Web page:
The factsheet was produced by adelphi in cooperation with the PtX Hub. Financial support was provided by the European Union’s Partnership Instrument and the German Federal Ministry for the Environment, Nature Conservation, and Nuclear Safety (BMU) in the context of the International Climate Initiative (IKI). The contents of this publication are the sole responsibility of adelphi and do not necessarily reflect the views of the funders.

Hydrogen Factsheet – China 

Executive Summary 

China is the largest producer and consumer of hydrogen in the world. Since 2010, China has increased its hydrogen production by 6.8% per year to reach 33 million tons in 2020. Today, hydrogen produced by coal gasification makes up more than 60% of the supply, hydrogen produced from SMR represents 20% of the supply, 18% as a by-product of industrial processes, while less than 1% is “green”. In Chinese, hydrogen produced from fossil fuels, including from coal, is referred to as grey hydrogen (“灰氢“).  

Hydrogen has been integrated into a number of top-level national energy and technology development strategies, a process which has gathered speed since 2020. In March 2022, China’s top economic planner released a hydrogen development plan for the 2021-2035 period, futher advancing the hydrogen momentum in China. The central government’s R&D program is a key funding scheme for hydrogen technology. The National Key Research and Development Program managed by the Ministry of of Science and Technology has a dedicated funding stream for accelerating renewable energy and hydrogen energy technology. In the future, central government plans to strengthen the financial support including via central budget investment. In addition, many regional governments have set up their own hydrogen strategies with local subsidy provisions. To date, hydrogen in China is mainly used as industrial feedstock to produce ammonia, methanol, and for petroleum refining. Government strategies aim to expand the use of hydrogen to the light and heavy duty transport sector, amongst others, by supporting the uptake of hydrogen fuel cell vehicles, primarily subsidizing the producers. The 2022 Winter Olympics in Beijing were presented as symbolic of China’s hydrogen technology readiness, with up to 1000 buses powered by domestically made hydrogen fuel cells deployed for the event.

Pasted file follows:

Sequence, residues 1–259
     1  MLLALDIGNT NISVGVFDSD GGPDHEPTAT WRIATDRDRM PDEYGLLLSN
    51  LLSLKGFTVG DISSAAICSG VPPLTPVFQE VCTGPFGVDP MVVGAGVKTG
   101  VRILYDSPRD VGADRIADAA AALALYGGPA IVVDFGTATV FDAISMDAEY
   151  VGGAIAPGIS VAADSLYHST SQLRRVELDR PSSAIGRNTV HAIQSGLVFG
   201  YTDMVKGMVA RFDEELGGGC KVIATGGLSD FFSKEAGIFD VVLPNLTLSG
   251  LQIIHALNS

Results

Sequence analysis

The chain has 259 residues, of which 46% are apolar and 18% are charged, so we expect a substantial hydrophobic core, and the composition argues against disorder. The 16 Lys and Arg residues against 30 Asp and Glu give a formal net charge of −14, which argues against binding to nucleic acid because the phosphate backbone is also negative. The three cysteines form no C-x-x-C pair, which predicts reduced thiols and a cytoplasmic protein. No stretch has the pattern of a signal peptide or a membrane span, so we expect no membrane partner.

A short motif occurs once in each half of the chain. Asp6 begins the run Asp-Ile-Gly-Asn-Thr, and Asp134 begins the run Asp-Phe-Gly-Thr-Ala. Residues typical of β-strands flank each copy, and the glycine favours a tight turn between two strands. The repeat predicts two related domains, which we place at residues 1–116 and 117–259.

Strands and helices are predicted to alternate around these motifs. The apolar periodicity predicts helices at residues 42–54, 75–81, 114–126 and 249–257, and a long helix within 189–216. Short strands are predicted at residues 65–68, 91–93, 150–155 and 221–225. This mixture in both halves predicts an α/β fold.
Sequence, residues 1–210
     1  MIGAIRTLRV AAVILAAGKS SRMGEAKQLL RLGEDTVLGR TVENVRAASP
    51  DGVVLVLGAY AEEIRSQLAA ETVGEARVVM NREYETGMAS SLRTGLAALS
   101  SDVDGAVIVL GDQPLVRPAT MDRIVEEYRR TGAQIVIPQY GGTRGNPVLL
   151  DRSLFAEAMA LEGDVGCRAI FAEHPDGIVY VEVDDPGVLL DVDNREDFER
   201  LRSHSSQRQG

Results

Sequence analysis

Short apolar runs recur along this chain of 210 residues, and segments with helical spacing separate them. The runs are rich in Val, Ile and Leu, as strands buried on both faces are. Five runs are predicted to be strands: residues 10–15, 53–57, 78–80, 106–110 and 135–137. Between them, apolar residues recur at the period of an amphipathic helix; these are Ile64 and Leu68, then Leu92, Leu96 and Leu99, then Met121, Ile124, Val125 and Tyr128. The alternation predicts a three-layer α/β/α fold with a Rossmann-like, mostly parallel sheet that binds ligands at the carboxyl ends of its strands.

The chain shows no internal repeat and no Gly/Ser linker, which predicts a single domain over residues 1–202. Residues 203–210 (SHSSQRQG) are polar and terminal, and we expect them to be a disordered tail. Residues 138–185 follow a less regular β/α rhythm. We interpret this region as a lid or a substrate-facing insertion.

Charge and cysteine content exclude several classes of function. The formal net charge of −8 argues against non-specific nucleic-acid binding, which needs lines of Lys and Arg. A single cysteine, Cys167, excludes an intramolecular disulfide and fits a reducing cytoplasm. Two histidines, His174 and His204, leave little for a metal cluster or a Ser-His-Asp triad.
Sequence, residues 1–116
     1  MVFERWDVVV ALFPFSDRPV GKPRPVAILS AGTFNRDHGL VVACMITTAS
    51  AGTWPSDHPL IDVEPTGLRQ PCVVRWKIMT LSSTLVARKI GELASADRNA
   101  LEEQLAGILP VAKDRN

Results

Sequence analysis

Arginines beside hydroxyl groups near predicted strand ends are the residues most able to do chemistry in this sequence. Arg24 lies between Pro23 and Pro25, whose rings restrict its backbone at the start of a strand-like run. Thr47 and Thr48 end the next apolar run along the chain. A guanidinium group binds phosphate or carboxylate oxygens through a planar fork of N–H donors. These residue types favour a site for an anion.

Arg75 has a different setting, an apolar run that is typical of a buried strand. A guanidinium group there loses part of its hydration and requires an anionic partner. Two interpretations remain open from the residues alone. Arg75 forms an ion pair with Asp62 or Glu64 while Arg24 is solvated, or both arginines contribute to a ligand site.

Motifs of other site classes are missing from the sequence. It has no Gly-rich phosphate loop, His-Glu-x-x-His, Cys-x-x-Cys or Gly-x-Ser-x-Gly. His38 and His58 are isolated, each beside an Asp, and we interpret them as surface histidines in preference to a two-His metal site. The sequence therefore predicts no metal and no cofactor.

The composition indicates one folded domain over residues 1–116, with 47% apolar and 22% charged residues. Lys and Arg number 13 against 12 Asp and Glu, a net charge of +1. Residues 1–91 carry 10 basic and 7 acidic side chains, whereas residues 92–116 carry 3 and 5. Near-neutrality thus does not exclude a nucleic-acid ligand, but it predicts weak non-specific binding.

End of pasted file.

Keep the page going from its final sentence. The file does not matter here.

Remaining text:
Until recently, the shift from grey to green hydrogen has not been at the center of China’s energy agenda. This changed with President Xi Jinping’s announcement on 22 September 2020 that China would peak its emissions by 2030 and reach carbon neutrality by 2060 and develop a 1+N framework to support achieving them. The transition to green and blue hydrogen production has since been high on China’s policy agenda. Several green hydrogen projects are currently being developed, in particular in Inner Mongolia and Xinjiang, supported by major state-owned energy enterprises such as Sinopec. In the newly released 2021-2035 hydrogen plan, China aims to produce 0.1-0.2 MT green hydrogen annually by 2025 and to significantly improve the portion of green hydrogen in its energy consumption by 2025. Blue hydrogen technologies, i.e., fossil-based hydrogen production with CCUS, are still in the early stages of development, but are expected to mature by 2030 and play an important role in China’s path to carbon neutrality.  

According to the IEA’s Energy Sector Roadmap to Carbon Neutrality in China published in 2021, hydrogen will play a growing role in China’s energy transition between 2021 and 2060, with a sharp increase after 2030. By 2060, hydrogen demand could increase to 90 Mt. China sees a broad application of hydrogen across different sectors such as the light and heavy transport, industry, power generation and electricity storage.  

Given China’s vast domestic energy demand, the constraints to long-distance transport of hydrogen, and the sheer distance between the EU and China, the opportunities for establishing trade connections in hydrogen between the two economies are limited. However, other opportunities for collaboration exist, such as in R&D, standard-setting, trade of low-carbon hydrogen technology and equipment and joint projects in third countries. Such engagements would help accelerate the transition to green hydrogen in both regions and facilitate alignment on sustainability criteria. 

Download the Hydrogen Factsheet for China in full length here.


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